Tuesday, September 8, 2009


What is Herpes?

Herpes is a sexually transmitted disease caused by the herpes simplex virus. There are 2 main types of Herpes: Type 1 (HSV-1) or type 2 (HSV-2). Most oral herpes is caused by HSV-1 while most genital herpes is caused by HSV-2. Both types can be found in and released from the sores that the virus causes. However, transmission can occur from an infected partner who does not have a visible sore and may not know that he or she is infected. Due to the increase of oral sex over the last several years, HSV-1 can cause genital herpes and HSV-2 can cause oral herpes.

What are Symptoms?

Most individuals have no or only minimal signs or symptoms from HSV-1 or HSV-2 infection. When signs do occur, they typically appear as one or more blisters on or around the mouth, lips, tongue, genitals or rectum. These blisters can be quite painful. The first outbreak usually occurs within two weeks after the virus is transmitted. The blisters break, leaving tender ulcers (sores) that may take up to two to four weeks to heal the first time they occur. Typically, another outbreak can appear a few weeks or months after the first, but it is almost always less severe and shorter than the first outbreak. People who are diagnosed during a first outbreak of HSV often have several more outbreaks in the first year. Although the virus stays in the body indefinitely, the number of outbreaks tends (tend) to decrease over time. Many individuals who have HSV outbreaks mistake the blisters for insect bites or other minor skin irritations, which is one reason why the virus is transmitted so frequently. Other signs and symptoms during the primary episode may include a second crop of sores and flu-like symptoms, including fever and swollen glands.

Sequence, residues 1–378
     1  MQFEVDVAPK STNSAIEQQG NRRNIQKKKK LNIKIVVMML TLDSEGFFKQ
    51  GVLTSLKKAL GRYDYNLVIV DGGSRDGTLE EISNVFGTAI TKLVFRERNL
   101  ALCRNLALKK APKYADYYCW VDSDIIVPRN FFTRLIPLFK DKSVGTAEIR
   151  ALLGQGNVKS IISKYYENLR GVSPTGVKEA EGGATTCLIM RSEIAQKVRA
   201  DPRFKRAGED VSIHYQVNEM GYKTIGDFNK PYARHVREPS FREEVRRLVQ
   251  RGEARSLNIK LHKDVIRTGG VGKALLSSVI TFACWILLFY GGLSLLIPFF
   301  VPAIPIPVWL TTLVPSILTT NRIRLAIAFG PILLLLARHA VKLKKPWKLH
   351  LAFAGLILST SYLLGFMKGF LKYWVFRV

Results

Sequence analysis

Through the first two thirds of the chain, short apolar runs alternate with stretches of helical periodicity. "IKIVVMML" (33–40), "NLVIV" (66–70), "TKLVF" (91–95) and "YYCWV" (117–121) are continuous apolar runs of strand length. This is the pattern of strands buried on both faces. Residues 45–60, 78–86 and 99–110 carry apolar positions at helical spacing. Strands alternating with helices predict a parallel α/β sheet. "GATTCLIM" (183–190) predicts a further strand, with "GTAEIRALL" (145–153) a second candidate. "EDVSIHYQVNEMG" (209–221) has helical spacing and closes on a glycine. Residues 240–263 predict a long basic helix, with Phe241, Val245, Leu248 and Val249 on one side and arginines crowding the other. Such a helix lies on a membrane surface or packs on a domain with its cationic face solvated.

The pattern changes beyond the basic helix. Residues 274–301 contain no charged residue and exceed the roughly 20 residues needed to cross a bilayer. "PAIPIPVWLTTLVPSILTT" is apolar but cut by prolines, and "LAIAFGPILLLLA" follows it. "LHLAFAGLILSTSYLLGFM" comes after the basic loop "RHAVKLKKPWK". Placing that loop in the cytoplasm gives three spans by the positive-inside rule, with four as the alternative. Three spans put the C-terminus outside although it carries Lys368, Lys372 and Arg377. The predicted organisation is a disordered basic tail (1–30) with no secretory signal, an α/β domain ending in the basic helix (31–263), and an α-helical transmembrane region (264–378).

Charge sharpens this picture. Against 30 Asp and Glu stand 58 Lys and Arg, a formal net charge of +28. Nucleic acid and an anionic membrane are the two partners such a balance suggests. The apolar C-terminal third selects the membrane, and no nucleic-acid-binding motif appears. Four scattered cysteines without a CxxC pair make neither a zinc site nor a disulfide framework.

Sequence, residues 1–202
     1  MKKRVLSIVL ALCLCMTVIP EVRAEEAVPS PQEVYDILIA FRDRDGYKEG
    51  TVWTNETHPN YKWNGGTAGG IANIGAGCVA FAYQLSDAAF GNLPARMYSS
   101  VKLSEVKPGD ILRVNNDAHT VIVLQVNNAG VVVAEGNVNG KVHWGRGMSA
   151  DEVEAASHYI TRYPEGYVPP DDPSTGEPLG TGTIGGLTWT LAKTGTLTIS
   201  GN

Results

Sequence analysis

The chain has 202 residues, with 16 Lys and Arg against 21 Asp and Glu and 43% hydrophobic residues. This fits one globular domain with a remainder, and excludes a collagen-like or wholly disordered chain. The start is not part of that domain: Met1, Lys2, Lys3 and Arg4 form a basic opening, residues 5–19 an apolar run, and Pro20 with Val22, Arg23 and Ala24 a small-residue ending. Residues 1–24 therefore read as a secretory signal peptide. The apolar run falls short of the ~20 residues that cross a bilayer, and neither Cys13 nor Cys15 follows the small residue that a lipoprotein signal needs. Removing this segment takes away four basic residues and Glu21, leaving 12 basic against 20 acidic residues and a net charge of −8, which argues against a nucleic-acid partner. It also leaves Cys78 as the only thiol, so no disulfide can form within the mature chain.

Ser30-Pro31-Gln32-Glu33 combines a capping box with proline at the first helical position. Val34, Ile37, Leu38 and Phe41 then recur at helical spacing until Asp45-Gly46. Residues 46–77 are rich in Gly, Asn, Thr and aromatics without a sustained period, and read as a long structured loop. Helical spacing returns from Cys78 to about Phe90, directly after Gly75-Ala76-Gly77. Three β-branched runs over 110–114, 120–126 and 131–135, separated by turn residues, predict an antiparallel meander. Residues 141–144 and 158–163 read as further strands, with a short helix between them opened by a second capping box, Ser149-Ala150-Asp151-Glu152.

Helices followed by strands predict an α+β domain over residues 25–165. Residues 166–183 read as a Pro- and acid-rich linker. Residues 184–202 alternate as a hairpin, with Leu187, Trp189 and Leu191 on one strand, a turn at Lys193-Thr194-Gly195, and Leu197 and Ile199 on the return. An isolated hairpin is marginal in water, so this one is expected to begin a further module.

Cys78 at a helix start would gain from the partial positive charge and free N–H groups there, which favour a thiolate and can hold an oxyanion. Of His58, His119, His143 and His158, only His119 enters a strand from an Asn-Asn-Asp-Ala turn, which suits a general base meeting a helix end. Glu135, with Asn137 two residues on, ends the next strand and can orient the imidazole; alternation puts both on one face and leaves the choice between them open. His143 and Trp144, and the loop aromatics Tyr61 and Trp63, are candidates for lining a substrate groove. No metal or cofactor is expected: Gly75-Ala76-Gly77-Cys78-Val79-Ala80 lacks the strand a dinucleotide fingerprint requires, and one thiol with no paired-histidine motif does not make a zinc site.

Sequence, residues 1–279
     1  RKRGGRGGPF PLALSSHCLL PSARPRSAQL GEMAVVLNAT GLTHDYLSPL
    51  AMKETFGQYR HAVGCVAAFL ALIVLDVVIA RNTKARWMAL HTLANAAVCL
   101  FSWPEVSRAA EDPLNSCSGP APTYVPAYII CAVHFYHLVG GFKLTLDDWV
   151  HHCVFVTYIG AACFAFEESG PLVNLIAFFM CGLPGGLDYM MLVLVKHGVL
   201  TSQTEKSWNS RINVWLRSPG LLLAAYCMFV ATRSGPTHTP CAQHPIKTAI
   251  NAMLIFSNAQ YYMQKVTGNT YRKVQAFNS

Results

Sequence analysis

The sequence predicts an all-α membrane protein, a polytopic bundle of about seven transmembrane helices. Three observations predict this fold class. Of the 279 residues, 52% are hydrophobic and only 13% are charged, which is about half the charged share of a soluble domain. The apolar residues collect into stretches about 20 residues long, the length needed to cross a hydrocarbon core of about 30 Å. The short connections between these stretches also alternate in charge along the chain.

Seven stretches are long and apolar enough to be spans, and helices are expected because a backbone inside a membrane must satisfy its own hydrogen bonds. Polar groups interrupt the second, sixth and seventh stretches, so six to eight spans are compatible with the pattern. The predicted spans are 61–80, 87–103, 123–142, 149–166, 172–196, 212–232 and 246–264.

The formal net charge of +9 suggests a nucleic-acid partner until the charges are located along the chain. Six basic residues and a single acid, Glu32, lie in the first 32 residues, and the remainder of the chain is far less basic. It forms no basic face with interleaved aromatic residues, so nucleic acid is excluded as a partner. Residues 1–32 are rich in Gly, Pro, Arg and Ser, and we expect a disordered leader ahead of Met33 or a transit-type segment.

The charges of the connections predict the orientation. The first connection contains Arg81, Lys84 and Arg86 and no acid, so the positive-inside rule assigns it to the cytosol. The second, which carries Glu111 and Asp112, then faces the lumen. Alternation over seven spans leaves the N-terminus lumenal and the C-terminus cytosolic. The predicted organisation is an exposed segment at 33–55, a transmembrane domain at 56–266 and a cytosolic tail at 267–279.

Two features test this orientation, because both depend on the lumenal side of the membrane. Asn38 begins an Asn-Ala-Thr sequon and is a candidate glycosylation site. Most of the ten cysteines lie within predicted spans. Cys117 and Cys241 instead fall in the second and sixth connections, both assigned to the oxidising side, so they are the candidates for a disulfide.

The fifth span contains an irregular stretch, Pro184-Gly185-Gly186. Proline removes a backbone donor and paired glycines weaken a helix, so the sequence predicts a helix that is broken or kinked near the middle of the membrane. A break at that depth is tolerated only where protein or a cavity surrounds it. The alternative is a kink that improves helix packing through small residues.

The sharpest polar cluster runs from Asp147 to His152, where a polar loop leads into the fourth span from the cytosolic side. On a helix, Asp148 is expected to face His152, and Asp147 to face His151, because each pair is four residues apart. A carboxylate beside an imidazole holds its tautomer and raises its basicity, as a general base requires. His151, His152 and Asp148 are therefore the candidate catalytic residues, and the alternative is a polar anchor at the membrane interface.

HSV infections can cause major complications for infants born to mothers with the virus. Therefore, if a woman has an active genital herpes infection at delivery, a cesarean delivery is usually performed. Herpes also plays a role in the spread of HIV. The skin is a barrier that protects us from contracting some infections. Since open sores on the body caused by herpes disrupt that barrier, people become more susceptible to infections such as HIV. An HIV-infected individual also becomes more infectious if he or she has an outbreak of herpes sores.


HSV infections can be diagnosed during and between outbreaks by the use of a blood test. Blood tests, which detect antibodies to HSV-1 and/or HSV-2 infection, can be helpful, although the results are not always definitive.

IgG Test

The Herpes 1&2 Type Specific IgG test is an ELISA antibody test that detects IgG antibodies specific to HSV-1 and/or HSV-2 infection. This test will tell you which type(s) of the herpes virus you have, if either. However, this test does not indicate the site of HSV infection, absent of any symptoms.

IgM Test

The Herpes Types I/II IgM Combination test is an ELISA antibody test that is a non-type specific herpes test and, therefore, cannot distinguish between herpes types. However, IgM levels can provide useful information about an acute event, new infection, or a recurring outbreak. The IgM antibody levels may be elevated every time the virus becomes active from its dormant state.